3. I do engage George as I do all members of the Board on issues that I am concerned about. It may interest you to know that we don't always agree. Unlike other board members, however, George will listen to what I have to say and treat my opinions with respect. he will also explain himself when he disagrees and allow me to poke at his rationale. He's also not afraid to change his mind if I happen to enlighten him. Lastly, I am sorry that you are disappointed ... join the club. I am disappointed by the lack of transparency by the District in general and my elected representatives specifically. Parents/taxpayers are required to ask the right combination of questions to open the vault of information for some things. People are too worried about "why do you want to know?" rather than saying "how can I help get you the information you are looking for?" You should be more proactive at making sure data is available to the public BEFORE it is requested and you should not be afraid to share unflattering information. This building may indeed be the right thing to do but because I haven't been given the opportunity to arrive at the same conclusion and because this is the same song and dance that netted us a middle school that we probably could have done without, I am skeptical. I don't think I am alone.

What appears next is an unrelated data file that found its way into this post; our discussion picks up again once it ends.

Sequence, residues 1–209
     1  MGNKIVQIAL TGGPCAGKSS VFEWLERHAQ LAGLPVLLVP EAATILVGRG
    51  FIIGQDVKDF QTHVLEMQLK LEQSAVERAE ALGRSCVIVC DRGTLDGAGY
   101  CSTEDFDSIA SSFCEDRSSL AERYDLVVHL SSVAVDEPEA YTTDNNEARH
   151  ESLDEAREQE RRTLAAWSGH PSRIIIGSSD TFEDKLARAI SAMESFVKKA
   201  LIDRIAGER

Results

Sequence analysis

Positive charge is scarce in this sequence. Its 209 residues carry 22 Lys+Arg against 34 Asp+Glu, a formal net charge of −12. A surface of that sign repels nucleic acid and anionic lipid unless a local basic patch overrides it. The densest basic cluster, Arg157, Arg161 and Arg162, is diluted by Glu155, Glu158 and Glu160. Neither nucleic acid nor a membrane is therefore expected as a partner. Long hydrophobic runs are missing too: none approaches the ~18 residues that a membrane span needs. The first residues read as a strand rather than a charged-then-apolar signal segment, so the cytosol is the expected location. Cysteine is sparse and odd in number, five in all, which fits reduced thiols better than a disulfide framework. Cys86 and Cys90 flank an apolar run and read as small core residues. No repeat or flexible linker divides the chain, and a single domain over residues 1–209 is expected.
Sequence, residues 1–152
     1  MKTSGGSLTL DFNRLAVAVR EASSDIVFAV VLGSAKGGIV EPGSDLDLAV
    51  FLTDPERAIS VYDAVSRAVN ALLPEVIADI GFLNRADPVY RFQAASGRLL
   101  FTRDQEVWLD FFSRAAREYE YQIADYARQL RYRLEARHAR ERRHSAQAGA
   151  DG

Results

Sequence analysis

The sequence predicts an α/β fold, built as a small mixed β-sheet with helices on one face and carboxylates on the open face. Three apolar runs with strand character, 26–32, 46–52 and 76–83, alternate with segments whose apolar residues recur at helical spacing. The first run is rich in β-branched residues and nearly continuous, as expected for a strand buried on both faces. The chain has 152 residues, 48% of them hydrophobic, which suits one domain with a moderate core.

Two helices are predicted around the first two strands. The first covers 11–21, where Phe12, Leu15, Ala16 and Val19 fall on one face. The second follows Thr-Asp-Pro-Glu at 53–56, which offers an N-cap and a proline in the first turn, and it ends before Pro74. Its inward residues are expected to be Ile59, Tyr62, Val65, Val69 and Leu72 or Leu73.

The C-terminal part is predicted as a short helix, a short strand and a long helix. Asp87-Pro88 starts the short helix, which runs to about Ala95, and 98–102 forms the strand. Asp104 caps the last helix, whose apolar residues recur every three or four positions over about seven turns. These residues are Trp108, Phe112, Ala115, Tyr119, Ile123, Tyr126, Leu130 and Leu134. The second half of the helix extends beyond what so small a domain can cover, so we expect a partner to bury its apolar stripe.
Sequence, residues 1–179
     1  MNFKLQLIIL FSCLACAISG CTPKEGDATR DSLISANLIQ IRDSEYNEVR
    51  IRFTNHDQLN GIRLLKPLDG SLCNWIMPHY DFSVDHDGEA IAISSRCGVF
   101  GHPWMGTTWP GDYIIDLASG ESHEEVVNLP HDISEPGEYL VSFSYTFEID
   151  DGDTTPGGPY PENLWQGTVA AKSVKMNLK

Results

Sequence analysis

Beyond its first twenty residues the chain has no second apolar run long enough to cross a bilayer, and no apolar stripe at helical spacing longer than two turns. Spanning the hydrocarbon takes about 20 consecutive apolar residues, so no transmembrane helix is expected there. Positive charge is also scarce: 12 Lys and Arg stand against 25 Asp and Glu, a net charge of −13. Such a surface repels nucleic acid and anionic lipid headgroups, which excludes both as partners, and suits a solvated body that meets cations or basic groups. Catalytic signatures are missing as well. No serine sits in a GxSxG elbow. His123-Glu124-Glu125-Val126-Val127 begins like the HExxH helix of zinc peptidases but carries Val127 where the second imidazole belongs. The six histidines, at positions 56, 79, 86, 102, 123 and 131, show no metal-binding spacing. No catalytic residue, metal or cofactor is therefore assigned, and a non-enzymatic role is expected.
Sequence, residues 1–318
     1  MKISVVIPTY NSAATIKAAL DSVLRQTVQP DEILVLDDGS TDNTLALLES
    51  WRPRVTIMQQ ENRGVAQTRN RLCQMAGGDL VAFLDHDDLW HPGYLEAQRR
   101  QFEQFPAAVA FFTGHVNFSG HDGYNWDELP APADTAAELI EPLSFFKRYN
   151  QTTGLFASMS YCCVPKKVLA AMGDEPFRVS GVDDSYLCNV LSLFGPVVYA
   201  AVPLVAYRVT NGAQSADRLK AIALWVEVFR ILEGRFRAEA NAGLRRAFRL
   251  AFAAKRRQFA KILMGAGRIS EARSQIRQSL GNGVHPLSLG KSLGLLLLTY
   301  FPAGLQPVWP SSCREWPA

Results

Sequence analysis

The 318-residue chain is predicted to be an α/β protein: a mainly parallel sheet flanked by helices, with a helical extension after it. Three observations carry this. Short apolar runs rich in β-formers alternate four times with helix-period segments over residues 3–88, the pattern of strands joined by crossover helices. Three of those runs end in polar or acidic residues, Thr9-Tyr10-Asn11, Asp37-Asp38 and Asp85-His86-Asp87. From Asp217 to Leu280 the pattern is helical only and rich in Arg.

Rich January 25, 2013 at 03:31 AM
Thank you Andy.
George Markwell January 25, 2013 at 02:44 PM
Andy, I would like to see the data from your meeting with Administration? "1. I sat w/administration last summer to look at the feasibility of moving the 6th grade to MMS and 5th grade back down to the 3 elementary schools, using existing 5-7 year enrollment projections. The net result is that the 3 elementary schools could not accommodate the required added 5th grade classes due to kindergarten and preschool classroom usage, and that MMS did not have adequate space to accommodate the additional 6th grade teams with the current structure. In both scenarios, school additions would be required to achieve the compression you've talked about. "
Andy Schneider January 25, 2013 at 06:07 PM
George - this was an informal conversation I had one day just to play the "what if", for my own edification, to see whether the class sizes moved out of JMUES would be able to fit within the existing buildings, taking into account the enrollment trending. I didn't take any notes and kept the conversation very simple to see what was feasible. Once I personally felt that the student volumes just wouldn't work, I stopped the inquiry. It was nothing more than that, and not even something formally done as a SB member - mostly just as a taxpayer wanting a cursory idea about sizing...... -andy